The game becomes very difficult throughout Witcher 3 – culminating in a grand tourney for Gwent players that you need to be ready for lest you want to have your ass handed to you by a mouthy Elf or Novigradian noble. You need to get to work early on in the game building up your deck if you don’t want a frustrating experience later on. But even if you don’t start playing Gwent until later on in the game, most of these strategies will still pay off.

There are a number of, shall I say, underhanded tactics that can really help you mop the floor with anybody’s Gwent deck. Some of these strategies won’t pay off in specific scenarios: for example, using the ‘Siegemaster Foltest’ leader card, won’t work against Emerys of Nilfgaard’s ‘The White Flame’ leader card. In those cases, I’ve tried to provide a plan B. So enjoy, and good luck on winning every Gwent card in the game!



1. Win the Siegemaster Foltest card in the palace of Vizima 

This one is somewhat important, though not essential per se, to having an amazing Northern Kingdoms deck. You can win it very early in the game, before ever having a chance at scoring the ‘Commander’s Horn’ card. Both ‘Siegemaster Foltest’ and the ‘Commander’s Horn’ cards accomplish the same basic benefit of doubling the attack power of all your siege cards – but unlike Commander’s Horn, since Siegemaster Foltest is a leader card, it can’t be taken off the field for the turn’s duration. Using this alongside a deck full of siege cards – especially in conjunction with two or three of the ‘Kaedweni Siege Expert’ cards – can boost your trebuchets and ballistas to huge attack power numbers. If you plan to use this strategy, make sure you bring a ‘Clear Weather’ card as a Plan B. And if you’re going against the Nilfgaardian leader card that nullifies all leader card special abilities, you can buy a ‘Commander’s Horn’ card early on from the Innkeep at the Inn at the Crossroads in Velen.

2. Determine your opponent’s main line of attack, and plan for accordingly

This is one of the cheaper tactics, but I find it works on every opponent I struggle to beat the first time around. First, you play a ‘burner’ game with the NPC – in other words, you aren’t trying to win yet. You’re just trying to provoke your enemy with enough cards to see which type of cards he or she favors. Oftentimes, this can be guessed at beforehand based on the Faction the NPC uses. Those who use the Monster faction almost always play with entirely close range cards – so bring along a bunch of ‘Biting Frost’ cards. Those who use the Northern Kingdoms often rely upon the siege cards, and the Nilfgaardian faction uses (from what I can tell) a combo of all three types. But even in their case, playing a test round to see what kind of cards the NPC has can give you the strategic edge to beat them senseless when the real card game starts up.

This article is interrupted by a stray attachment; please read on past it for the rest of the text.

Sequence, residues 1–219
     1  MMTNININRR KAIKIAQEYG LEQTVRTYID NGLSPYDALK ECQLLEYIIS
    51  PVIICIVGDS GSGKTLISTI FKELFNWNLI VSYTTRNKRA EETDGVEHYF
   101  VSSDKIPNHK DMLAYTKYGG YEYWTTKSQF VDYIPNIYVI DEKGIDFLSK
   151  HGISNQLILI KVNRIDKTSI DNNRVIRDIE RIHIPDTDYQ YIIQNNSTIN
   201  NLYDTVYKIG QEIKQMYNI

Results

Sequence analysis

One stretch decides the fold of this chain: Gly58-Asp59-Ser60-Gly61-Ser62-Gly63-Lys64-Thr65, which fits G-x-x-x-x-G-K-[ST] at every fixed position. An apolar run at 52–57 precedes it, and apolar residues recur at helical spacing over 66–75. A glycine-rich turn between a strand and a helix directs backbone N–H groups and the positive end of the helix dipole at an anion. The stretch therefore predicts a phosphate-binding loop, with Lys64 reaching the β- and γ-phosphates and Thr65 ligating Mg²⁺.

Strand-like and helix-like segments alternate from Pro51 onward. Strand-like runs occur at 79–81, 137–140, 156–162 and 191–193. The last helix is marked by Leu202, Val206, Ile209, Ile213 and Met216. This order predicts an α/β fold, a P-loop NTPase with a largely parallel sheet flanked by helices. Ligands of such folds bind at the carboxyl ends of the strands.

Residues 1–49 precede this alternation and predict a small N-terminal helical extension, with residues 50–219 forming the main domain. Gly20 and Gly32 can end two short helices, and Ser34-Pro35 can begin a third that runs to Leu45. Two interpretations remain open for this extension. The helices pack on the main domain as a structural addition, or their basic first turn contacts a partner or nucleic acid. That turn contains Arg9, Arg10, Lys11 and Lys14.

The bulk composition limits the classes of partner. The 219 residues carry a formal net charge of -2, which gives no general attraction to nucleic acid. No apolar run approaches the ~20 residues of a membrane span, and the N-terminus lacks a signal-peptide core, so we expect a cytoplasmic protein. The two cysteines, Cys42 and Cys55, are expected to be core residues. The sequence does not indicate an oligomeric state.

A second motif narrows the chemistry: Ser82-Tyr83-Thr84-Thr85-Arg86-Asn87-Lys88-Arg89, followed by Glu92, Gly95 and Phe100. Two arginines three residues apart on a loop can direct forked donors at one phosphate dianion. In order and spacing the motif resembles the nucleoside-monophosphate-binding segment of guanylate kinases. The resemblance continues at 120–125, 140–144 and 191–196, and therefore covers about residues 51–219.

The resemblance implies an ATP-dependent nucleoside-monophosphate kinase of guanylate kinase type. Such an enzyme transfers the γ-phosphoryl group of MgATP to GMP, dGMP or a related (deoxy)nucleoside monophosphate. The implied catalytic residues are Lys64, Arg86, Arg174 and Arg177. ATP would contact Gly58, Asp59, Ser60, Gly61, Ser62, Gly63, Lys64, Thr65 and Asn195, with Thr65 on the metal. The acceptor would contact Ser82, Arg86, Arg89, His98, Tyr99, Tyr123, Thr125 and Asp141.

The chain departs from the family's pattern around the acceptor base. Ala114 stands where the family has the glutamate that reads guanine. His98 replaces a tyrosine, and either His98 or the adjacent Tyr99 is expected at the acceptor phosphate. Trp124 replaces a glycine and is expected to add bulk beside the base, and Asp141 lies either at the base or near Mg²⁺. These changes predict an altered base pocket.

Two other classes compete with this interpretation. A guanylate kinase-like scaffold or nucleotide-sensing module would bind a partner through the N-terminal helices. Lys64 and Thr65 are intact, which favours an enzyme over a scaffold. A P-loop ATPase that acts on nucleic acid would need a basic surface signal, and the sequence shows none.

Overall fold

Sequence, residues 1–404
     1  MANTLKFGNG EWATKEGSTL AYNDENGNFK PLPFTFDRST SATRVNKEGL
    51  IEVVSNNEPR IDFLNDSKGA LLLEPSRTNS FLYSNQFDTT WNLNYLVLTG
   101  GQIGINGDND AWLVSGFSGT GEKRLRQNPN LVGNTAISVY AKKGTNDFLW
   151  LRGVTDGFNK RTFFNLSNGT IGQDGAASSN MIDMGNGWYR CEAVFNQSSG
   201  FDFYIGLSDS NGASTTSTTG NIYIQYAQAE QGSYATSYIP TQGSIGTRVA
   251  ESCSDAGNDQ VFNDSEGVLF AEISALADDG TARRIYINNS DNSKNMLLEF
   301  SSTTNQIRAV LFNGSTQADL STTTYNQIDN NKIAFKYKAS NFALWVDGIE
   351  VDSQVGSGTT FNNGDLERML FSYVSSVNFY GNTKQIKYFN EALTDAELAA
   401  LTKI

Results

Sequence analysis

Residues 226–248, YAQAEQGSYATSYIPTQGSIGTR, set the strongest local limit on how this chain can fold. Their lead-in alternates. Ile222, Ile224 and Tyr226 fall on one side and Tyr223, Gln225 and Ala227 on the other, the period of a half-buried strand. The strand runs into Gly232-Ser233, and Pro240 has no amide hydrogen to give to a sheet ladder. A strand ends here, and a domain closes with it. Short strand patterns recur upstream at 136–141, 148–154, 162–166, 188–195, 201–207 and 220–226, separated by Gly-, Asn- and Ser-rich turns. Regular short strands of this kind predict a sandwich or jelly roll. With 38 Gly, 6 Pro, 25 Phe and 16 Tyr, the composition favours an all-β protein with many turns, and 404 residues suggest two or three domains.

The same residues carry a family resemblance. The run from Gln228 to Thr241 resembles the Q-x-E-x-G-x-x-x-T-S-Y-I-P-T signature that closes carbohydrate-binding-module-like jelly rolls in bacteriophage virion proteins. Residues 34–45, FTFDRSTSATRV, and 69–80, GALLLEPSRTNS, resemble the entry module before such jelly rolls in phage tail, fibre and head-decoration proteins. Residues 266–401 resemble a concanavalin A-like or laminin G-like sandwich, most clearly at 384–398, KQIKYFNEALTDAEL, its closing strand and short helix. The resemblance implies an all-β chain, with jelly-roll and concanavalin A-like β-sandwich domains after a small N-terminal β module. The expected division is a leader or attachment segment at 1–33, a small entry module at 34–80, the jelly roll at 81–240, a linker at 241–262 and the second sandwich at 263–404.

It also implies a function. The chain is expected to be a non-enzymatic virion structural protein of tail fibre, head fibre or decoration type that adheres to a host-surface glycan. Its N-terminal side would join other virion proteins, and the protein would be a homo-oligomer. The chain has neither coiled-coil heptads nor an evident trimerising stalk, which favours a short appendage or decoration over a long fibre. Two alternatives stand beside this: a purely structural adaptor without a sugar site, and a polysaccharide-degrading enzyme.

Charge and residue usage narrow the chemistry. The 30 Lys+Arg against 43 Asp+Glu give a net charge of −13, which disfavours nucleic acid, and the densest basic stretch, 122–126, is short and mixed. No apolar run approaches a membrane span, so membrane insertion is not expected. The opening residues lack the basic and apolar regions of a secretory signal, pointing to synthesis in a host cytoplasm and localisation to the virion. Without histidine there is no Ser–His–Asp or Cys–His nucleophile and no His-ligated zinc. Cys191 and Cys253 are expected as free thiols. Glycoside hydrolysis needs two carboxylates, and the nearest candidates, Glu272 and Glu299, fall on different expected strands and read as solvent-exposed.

3. Use spies, but only at key points

There are a number of different ways you can use Spy cards to gain the upper hand – but, when used incorrectly, the Spy cards can also guarantee certain losses. Here are the best times to use Spy cards, which give the opponent a small boost in power at the expense of granting you two new cards:

a) If you’ve already lost the round. If your opponent is beating your score by 30 points and then skips the rest of the round, don’t waste a ton of cards trying to match his score. Instead, use this opportunity when his hands are tied and you face imminent defeat to plan for the next round. Put down all the spy cards you can at this point, and rack up some new cards. If your deck has been set up well, you’ll likely get a card that has the potential of turning the tide.

b) If the ‘Biting Frost’ card is already active. This reduces the amount of hit power your spy gives your opponent to 1, so at that point there’s little risk in using Spies to build up your deck mid-game.

c) As a last-ditch strategy. This is the riskiest of the three scenarios, since you might be giving your opponent the edge he or she needs to beat you. But if you have no other option, or you face a particularly difficult opponent, hold out on using the Spy cards until the very end. Who knows what cards they will shuffle into your hand?

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4. Set up a strategic deck